Gene research to improve development of new drugs
Researchers at the ANU's Medical Genome Centre are researching a powerful new technique for developing drugs.
Dr Keats Nelms and collaborators at the Centre are investigating the use of genome-wide mutagenesis to identify the best genes to target for drug development.
Genome-wide mutagenesis enables scientists to look at disease in whole organisms — scanning tens of thousands of genes simultaneously.
It can also be used to determine what the effects of slight modifications, as well as the removal of genes, has on the organism.
"This makes it a very powerful technique because it captures greater detail about genes than previous techniques and also enables us to determine the function of target genes immediately," Dr Nelms said.
"This is a very important step because there are many thousands more genes scientists can analyse since the sequencing of the human genome was completed. With the increased knowledge of genes there is a greater choice of drug targets, but this also increases the chance for false starts in the development of new drugs against human disease."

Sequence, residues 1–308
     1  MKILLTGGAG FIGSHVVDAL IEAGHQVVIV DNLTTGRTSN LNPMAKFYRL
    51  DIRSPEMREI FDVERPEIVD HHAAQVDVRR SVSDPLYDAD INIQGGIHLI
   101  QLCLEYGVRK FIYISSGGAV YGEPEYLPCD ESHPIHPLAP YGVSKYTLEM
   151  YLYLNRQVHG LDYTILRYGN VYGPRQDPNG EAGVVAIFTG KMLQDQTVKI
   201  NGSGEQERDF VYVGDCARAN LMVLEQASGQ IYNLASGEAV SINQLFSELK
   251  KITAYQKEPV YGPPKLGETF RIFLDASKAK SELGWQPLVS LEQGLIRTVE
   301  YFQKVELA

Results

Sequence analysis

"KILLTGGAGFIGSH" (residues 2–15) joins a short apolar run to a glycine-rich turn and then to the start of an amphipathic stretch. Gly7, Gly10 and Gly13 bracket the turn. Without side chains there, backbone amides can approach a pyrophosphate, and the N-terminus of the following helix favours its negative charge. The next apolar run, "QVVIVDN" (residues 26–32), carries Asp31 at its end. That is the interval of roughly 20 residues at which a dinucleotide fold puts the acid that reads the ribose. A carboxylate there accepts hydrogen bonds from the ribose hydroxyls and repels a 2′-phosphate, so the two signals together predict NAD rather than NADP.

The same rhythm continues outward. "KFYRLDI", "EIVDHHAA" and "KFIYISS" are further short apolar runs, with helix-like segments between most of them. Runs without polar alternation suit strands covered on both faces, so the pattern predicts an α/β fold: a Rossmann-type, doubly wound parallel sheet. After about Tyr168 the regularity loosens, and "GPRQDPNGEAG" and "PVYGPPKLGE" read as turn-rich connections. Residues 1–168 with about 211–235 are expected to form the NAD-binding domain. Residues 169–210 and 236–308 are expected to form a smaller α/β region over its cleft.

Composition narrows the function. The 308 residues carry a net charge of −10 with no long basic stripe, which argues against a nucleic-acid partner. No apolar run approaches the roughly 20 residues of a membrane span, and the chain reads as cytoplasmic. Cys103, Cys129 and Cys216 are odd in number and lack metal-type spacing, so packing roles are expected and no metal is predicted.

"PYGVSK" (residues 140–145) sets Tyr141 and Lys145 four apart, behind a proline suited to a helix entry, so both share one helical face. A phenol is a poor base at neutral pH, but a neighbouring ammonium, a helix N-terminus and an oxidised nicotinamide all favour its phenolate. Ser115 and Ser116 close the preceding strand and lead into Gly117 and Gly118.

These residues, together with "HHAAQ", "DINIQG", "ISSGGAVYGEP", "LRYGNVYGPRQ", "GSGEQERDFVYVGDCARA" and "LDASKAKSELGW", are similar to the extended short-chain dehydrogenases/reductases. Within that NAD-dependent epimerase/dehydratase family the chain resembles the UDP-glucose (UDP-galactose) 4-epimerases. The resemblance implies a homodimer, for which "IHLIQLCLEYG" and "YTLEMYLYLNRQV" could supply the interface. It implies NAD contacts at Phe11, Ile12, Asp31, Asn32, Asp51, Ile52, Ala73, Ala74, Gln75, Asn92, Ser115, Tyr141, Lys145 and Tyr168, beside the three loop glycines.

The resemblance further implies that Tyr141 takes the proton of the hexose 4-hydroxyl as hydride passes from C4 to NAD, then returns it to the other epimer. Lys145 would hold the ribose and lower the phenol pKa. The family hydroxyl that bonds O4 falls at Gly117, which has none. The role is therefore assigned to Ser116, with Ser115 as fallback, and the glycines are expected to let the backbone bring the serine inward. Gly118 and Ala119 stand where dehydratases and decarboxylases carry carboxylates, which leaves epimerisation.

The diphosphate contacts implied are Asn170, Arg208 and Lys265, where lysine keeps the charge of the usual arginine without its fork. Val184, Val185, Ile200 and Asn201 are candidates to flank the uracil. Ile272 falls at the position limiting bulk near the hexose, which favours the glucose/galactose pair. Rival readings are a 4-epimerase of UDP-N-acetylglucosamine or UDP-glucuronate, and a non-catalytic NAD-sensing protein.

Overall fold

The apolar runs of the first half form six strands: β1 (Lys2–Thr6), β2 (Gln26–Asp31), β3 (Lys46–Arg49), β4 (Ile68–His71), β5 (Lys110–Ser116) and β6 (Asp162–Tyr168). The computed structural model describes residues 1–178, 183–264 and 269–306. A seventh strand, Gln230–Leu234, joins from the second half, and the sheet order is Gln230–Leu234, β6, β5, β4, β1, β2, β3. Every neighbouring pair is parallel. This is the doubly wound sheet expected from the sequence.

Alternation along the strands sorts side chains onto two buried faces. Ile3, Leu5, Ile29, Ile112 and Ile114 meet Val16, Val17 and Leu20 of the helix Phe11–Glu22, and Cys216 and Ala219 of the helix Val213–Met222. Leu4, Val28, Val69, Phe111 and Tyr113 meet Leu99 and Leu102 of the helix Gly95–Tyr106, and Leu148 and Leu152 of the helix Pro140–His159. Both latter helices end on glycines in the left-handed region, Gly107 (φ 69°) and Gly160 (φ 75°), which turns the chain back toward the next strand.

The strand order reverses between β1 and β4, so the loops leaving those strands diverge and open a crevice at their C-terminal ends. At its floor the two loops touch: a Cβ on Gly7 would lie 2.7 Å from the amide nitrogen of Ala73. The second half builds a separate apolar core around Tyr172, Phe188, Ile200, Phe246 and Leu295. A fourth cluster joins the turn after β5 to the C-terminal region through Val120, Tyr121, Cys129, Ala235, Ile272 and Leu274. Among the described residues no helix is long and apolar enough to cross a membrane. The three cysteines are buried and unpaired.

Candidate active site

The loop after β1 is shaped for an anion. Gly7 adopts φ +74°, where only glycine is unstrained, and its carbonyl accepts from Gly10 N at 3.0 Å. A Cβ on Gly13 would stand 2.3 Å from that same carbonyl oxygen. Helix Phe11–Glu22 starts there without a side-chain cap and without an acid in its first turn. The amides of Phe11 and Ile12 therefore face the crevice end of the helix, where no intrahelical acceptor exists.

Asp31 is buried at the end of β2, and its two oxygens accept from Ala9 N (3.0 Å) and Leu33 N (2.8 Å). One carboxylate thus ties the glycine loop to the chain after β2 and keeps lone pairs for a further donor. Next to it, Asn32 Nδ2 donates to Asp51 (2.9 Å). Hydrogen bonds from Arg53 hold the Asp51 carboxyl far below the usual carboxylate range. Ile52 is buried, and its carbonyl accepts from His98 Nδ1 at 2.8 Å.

Previous methods of analysing gene function have used isolated cell or tissue cultures, which then have to be translated to whole organisms — a process called validation.
Dr Nelms said genome-wide mutagenesis begins with the whole organism and therefore is a highly validated process.
Genome-wide mutagenesis is already starting to pay off as the ANU team has discovered new genes in areas previously investigated. "For example, the area for genes relating to obesity has been heavily explored and thought to be exhausted of gene targets.
"However with our technique we have found several more targets that could not have been found with traditional methods," Dr Nelms said. The researchers will continue their research in the new Australian Phenomics Facility to be established following an $11.5 million Major National Research Facility grant.
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